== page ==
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Glioblastoma and Glioblastoma with Oligodendroglial Component: a Histological and Prognostic Overview Runing Head: pathology and GBM and GBMO Volume 9- Issue 4

Ravindra Pramod Deshpande1, Chandrasekhar YBVK2, Manas Panigrahi2, I Satish Rao3 and Phanithi Prakash Babu1*

  • 1Department of Biotechnology and Bioinformatics, School of Life Sciences, University of Hyderabad, India
  • 2Department of Neurosurgery, Krishna Institute of Medical Sciences, Secunderabad, India
  • 3Department of pathology, Krishna Institute of Medical Sciences, Secunderabad, India

Received: September 25, 2018;   Published: October 04, 2018

*Corresponding author: P Prakash Babu, Department of Biotechnology and Bioinformatics, School of Life Sciences, University of Hyderabad, Hyderabad-500046. Telangana state, India

DOI: 10.26717/BJSTR.2018.09.001828

Abstract PDF


Glioblastoma (GBM- GIV astrocytoma) represents the most noted neoplasms of the brain usually reported with dismal prognosis. The term glioblastoma with oligodendroglial component (GBMO) represents the present of oligodendroglial foci in glioblastoma tumors. GBMOs are usually represented with better therapeutic response and concomitant prognostic outcome. We have observed nearly 610 cases of various pathologic grades of astrocytoma from 2009 to 2014 and found the oligodendroglial component among the 40 cases. Nearly in all the cases of GBM and GBMOs received complete resection and was followed by standard therapeutic regime of radiotherapy and chemotherapy with temozolomide. The survival pattern was observed in patients diagnosed with GBM and GBMO. We have looked for the presence of MIB1, p53 and necrosis pattern in selected GBMO sub group. We observe nearly 54% of GBMOs stained positive with p53. Necrosis and MIB1 was observed in most of the GBMO cases. These was statistically significant difference among survival of glioblastoma patients' and GBMOs. Glioblastoma multiformae patients with oligodendroglial component was observed to have median survival of 16 months while with GBM it was observed to be 12 months. GBMO were found to have significantly longer survival than glioblastoma patients' and respond well to chemo and radiotherapy.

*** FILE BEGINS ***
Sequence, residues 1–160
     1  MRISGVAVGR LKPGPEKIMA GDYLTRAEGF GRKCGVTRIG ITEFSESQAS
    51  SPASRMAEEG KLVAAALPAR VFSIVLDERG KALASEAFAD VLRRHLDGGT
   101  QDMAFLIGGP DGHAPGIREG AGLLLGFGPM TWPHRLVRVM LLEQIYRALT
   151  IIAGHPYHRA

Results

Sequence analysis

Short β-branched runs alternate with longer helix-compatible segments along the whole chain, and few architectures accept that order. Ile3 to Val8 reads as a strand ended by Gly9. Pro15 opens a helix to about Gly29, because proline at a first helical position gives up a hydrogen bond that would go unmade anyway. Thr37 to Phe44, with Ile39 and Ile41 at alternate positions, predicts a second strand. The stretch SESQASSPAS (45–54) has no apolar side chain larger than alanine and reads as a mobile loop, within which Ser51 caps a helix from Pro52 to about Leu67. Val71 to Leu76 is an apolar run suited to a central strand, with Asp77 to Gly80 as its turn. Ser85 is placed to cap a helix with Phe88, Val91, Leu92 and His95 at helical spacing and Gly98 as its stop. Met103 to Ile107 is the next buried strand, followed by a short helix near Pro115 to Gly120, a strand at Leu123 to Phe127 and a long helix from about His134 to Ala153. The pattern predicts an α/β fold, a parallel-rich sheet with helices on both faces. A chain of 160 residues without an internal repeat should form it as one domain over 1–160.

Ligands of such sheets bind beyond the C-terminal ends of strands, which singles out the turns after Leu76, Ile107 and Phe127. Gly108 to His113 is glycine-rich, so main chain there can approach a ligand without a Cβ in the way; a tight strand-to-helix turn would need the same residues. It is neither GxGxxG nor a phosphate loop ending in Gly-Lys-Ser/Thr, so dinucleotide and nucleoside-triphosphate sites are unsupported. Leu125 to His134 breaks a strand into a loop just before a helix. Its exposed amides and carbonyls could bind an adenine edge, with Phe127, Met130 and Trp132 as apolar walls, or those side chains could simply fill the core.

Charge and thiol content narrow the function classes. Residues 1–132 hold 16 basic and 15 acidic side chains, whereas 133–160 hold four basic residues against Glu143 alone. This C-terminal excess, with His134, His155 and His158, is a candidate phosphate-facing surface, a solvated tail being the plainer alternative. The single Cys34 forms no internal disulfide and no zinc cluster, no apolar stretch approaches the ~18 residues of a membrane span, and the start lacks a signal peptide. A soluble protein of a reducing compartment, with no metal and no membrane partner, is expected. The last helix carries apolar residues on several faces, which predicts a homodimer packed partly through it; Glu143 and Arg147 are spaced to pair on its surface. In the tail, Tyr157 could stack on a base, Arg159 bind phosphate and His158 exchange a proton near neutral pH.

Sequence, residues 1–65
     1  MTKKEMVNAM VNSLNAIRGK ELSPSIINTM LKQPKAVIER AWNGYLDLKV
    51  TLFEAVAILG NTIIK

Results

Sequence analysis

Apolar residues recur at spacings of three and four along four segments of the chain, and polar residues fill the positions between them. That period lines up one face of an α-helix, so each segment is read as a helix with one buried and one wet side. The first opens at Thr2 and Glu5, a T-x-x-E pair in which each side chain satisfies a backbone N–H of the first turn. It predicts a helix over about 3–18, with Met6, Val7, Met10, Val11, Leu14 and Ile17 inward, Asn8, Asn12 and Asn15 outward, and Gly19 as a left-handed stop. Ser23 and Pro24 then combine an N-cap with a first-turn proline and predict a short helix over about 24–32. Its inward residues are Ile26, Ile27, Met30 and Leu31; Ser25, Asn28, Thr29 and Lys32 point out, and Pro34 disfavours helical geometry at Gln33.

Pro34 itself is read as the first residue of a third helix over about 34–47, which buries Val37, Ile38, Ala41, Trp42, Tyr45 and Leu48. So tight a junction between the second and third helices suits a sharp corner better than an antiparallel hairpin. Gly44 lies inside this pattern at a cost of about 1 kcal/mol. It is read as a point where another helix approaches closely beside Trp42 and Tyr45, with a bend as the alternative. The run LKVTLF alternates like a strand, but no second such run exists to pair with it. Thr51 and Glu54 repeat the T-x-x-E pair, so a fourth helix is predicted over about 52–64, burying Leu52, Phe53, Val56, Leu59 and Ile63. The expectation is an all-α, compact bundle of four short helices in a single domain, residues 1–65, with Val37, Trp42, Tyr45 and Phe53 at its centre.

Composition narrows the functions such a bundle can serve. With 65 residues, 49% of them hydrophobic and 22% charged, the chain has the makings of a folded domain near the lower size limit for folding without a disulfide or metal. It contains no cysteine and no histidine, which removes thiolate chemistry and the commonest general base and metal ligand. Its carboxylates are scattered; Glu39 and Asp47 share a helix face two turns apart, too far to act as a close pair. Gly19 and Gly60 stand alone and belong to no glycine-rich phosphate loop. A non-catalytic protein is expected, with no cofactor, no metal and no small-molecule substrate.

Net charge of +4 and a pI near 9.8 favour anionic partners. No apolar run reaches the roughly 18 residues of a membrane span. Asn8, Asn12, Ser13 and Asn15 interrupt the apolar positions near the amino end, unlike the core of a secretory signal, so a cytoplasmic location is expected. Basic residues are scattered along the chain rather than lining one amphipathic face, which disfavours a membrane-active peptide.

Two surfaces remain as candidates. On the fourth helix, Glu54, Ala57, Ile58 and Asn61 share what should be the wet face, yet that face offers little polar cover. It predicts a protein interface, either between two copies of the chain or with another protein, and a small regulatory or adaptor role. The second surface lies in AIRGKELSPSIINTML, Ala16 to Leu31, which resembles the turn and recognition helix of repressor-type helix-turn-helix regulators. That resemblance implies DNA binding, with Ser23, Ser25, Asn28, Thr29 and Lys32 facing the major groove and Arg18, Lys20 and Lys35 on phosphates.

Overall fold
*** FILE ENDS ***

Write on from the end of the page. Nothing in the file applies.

Abbreviations: GBMO: Glioblastoma with Oligodendroglial Component; WHO: World Health Organization; ICE: Institutional Ethics Committee; KFRC: KIMS Foundation Research Centre


Glioblastoma are recognized as most aggressive and widespread malignancies of the brain. Irrespective of the multimodal treatment regime, prognosis still remains dismal. However, the clinical course appears to be heterogeneous ranging from 3 to 18 months [1,2]. The discrepancy in the prognosis is mainly attributed to few factors as age and presence of oligodendroglial component [2]. Necrosis and older age is often correlated with shorter survival in clinical cases [1]. Glioblastoma with oligodendroglial component (GBMO) are high grade astrocytic neoplasms with discrete oligodendroglial differentiation areas displaying necrosis [1]. Few studies have claimed that glioblastoma with oligodendroglial component display better prognostic pattern, yet this hypothesis remains controversial [3-8]. GBMOs have been reported to have distinct genetic alterations and clinical behavior and displays distinct IDH1 mutations along with 1p/19q co deletion [9,10]. In present study, we have observed the molecular signatures of p53 and MIB1 in GBMO patients. Further, we have also seen for the presence of necrosis pattern and prognostically evaluated the GBMO cases and compared it with survival of GBM patients.

Materials and methods

Selection of Patients

The data of diagnosed clinical cases was collected from Krishna Institute of Medical Sciences, Secunderabad, India from 20092014. Upon initial MRI diagnosis, the patients were followed for surgical resection. The resected tissues were followed for the histopathological diagnosis based on the criterion World Health Organization (WHO) as cellular proliferation, mitotic index, polymorphic nuclei and the presence of necrosis. 610 cases were found to be diagnosed with astrocytoma, out of which 40 were found with glioblastoma with oligodendroglial component. The selected patients were not having previous history of low grade tumors and were followed up closely to obtain the survival data. All the patients were under went at near total or subtotal resection and confirmed by MRI imaging.